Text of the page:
Last season's poor Scotstoun record was a major factor in Glasgow's failure to secure a PRO12 play-off squad for the first time in five seasons, and Peter says the players are well aware there must be improvements.
Speaking in the Evening Times, Peter said: "Before the season began all the players discussed what could make this season better and we generally hit upon improving our home form over last season, when to be honest, we let some of the standards we'd set in previous years slip.
"If you have ambitions of reaching the play-offs then home form counts for so much. In past seasons, that has played a big part in our success and we want to get back to making Scotstoun a place where teams turn up knowing just how tough a test they'll face. And we can hopefully put down that marker against the Ospreys."
Peter thinks the recent improvements to the Scotstoun pitch have inspired visiting teams.
"The G4 pitch is a magnificent surface to play on, and we love it - but so do some of our opponents, and teams are turning up looking to play a running game against us.
"That didn't really happen when we were at Firhill or on the old grass pitch at Scotstoun when at times, especially if it was a wet winter, that matches were just a slog on a heavy, muddy surface.
"Ospreys will be up for this trip. They've begun the season with a good win against Zebre. Dan Baker and Justin Tipuric looked really sharp in that one, and they have real pace out wide with Jeff Hassler. So this is a big game for us but one you really have to look forward to being part of."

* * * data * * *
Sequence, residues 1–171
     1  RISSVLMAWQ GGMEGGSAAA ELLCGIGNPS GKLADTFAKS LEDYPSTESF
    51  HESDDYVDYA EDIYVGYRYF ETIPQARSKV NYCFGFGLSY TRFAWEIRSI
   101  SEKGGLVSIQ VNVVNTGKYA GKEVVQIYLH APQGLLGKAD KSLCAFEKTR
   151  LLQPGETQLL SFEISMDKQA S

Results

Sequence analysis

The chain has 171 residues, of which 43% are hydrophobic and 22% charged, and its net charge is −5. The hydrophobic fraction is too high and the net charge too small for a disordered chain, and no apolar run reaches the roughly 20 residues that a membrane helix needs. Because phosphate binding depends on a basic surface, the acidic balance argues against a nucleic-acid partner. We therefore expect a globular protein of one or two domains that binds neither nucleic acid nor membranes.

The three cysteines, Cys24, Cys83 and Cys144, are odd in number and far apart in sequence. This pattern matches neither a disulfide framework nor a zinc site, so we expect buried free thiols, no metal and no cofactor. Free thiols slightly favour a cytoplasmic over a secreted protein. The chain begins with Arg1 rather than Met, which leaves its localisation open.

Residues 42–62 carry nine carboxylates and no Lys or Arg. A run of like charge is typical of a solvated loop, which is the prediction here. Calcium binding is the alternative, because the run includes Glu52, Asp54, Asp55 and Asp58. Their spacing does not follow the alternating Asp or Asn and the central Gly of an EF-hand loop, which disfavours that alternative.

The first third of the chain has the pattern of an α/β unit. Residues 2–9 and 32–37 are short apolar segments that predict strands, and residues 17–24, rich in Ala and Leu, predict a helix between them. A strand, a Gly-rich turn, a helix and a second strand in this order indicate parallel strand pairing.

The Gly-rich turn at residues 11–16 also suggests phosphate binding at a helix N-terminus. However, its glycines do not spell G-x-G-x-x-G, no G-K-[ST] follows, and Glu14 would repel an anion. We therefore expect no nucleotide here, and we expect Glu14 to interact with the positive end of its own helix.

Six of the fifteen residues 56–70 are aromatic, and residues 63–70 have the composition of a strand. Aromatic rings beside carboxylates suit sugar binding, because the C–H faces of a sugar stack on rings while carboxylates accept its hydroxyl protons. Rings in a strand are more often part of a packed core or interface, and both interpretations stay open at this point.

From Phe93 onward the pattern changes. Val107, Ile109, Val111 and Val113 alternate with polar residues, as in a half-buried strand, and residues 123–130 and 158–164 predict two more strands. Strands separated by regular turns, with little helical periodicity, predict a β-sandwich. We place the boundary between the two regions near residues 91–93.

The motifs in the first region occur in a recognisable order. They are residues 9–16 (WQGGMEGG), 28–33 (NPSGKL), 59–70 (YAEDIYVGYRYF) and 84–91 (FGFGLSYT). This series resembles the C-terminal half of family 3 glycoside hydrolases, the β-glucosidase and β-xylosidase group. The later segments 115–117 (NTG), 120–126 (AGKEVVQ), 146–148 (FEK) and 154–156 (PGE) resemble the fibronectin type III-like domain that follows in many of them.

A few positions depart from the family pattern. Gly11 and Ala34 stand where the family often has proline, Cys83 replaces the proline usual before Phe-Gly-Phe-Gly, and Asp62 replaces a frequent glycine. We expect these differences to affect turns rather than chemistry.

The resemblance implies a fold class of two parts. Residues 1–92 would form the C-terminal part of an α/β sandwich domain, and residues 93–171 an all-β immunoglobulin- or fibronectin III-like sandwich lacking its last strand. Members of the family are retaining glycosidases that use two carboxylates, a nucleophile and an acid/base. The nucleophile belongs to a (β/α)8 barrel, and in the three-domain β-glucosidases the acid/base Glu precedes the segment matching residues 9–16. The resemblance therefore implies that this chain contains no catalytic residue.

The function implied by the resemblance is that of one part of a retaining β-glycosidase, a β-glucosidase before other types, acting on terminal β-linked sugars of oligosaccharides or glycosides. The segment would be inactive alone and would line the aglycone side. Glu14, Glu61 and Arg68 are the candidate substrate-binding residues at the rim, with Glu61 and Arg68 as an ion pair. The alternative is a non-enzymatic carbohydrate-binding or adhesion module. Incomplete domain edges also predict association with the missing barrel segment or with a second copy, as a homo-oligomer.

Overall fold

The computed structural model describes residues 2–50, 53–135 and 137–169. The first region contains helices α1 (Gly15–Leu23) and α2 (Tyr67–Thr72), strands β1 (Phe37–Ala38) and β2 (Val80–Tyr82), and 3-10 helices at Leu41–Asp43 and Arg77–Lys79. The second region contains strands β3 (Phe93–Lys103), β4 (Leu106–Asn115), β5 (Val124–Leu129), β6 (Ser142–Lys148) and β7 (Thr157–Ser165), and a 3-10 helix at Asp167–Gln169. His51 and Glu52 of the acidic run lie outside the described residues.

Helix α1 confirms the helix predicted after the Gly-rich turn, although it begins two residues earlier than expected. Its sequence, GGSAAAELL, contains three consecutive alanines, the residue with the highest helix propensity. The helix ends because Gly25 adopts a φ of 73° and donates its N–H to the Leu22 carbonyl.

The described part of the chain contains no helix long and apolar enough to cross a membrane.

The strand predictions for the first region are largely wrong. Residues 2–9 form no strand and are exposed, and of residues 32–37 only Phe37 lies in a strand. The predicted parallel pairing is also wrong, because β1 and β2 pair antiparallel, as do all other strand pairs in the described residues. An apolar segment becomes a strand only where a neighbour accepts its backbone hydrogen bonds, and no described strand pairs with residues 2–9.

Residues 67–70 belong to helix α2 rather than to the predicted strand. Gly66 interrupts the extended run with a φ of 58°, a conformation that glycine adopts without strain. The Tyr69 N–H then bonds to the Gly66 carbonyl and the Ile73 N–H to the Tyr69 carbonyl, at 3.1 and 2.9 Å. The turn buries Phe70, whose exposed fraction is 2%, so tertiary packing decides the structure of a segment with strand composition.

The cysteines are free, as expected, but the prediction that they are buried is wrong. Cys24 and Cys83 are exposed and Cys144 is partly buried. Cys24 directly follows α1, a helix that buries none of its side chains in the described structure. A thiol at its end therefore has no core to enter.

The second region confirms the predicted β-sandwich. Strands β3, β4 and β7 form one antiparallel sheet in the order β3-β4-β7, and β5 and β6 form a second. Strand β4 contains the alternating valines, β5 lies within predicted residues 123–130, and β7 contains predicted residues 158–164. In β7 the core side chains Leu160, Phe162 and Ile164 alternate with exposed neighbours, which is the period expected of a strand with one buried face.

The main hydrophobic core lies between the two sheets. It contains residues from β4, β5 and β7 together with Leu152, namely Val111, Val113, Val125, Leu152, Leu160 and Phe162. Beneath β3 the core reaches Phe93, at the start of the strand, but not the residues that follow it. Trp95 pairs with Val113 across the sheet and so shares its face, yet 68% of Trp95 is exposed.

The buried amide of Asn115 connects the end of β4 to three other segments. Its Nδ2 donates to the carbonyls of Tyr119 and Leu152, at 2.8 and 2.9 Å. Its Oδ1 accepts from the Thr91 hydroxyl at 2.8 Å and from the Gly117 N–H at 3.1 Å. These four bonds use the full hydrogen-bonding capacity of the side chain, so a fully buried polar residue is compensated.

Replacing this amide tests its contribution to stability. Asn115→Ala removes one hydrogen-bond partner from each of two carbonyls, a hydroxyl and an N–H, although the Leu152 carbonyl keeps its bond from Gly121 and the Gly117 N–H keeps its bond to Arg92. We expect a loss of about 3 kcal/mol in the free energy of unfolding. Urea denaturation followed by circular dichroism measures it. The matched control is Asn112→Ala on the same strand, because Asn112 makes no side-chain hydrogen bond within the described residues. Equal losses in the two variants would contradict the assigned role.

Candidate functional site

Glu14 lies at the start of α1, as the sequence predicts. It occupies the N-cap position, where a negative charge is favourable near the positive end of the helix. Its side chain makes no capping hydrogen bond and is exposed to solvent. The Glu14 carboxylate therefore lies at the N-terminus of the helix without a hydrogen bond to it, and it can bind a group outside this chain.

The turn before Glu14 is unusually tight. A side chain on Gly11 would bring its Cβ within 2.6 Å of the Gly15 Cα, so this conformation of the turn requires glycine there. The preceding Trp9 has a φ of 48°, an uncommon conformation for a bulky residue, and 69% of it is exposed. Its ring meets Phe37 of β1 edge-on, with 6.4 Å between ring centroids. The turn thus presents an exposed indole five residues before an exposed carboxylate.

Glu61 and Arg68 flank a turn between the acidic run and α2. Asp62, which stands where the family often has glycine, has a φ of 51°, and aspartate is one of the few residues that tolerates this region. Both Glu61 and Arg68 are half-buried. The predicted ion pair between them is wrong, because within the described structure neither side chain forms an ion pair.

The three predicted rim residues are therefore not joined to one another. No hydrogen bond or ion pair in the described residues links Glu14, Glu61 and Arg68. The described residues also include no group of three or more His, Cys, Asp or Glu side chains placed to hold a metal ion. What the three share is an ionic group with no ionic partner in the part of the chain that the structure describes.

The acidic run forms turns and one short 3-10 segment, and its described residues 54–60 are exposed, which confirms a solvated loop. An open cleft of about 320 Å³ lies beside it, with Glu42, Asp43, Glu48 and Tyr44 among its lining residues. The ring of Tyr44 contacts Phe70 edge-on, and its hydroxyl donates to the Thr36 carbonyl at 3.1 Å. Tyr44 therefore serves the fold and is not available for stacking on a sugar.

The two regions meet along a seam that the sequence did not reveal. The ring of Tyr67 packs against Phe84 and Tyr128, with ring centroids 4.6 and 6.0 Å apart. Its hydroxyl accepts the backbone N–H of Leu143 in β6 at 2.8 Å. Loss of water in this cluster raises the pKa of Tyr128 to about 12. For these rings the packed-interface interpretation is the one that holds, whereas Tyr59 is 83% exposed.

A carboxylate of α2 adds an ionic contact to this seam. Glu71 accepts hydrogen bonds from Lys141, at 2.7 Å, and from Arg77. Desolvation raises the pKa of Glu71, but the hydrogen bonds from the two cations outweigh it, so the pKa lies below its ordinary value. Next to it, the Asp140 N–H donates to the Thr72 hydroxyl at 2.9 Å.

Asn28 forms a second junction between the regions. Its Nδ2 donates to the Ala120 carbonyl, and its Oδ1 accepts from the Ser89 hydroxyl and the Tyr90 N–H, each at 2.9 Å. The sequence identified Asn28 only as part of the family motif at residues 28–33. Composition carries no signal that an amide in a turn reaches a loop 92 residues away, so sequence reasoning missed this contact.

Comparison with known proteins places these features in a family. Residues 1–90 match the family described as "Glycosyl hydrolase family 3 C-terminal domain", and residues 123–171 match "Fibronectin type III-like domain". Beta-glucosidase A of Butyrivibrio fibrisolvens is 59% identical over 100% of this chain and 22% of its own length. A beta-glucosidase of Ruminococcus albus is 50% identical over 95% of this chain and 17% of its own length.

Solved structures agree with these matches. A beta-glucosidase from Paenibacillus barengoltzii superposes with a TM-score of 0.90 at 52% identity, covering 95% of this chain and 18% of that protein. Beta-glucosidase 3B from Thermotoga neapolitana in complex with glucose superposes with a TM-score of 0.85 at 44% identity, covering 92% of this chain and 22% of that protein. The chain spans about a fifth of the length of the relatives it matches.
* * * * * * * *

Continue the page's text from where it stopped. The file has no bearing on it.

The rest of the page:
Warriors launched their new campaign with an 18-12 away win over Connaught in monsoon conditions in Galway, which Peter says, was as tough an 80 minutes as he has ever faced.
"Remember what I said about Firhill and the old Scotstoun? Well, those under-foot conditions were ideal preparation for what we had to contend with in Galway.
"I have never played in anything like that win and rain. After five minutes, you were soaked, as if you'd been standing under a shower. There was little point in changing kit at half time - five minutes later you'd have been drenched again.
"The good thing - the only good thing actually - in terms of the weather was that it was quite mild. Had that been like that, in the dead of winter, you would seriously have run the risk of suffering hypothermia. You would have been frozen."